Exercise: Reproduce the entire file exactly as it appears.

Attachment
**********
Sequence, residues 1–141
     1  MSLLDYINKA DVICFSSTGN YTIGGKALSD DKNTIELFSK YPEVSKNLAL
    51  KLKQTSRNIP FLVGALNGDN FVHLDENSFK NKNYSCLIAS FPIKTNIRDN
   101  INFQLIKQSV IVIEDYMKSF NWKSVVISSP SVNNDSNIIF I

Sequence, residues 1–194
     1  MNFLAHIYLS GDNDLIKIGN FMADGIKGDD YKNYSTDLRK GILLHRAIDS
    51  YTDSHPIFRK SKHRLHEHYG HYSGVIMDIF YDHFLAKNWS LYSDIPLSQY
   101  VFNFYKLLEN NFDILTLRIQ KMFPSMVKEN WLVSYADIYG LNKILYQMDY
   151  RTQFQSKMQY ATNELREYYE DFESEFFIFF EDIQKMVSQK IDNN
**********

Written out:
Sequence, residues 1–141
     1  MSLLDYINKA DVICFSSTGN YTIGGKALSD DKNTIELFSK YPEVSKNLAL
    51  KLKQTSRNIP FLVGALNGDN FVHLDENSFK NKNYSCLIAS FPIKTNIRDN
   101  INFQLIKQSV IVIEDYMKSF NWKSVVISSP SVNNDSNIIF I

Sequence, residues 1–194
     1  MNFLAHIYLS GDNDLIKIGN FMADGIKGDD YKNYSTDLRK GILLHRAIDS
    51  YTDSHPIFRK SKHRLHEHYG HYSGVIMDIF YDHFLAKNWS LYSDIPLSQY
   101  VFNFYKLLEN NFDILTLRIQ KMFPSMVKEN WLVSYADIYG LNKILYQMDY
   151  RTQFQSKMQY ATNELREYYE DFESEFFIFF EDIQKMVSQK IDNN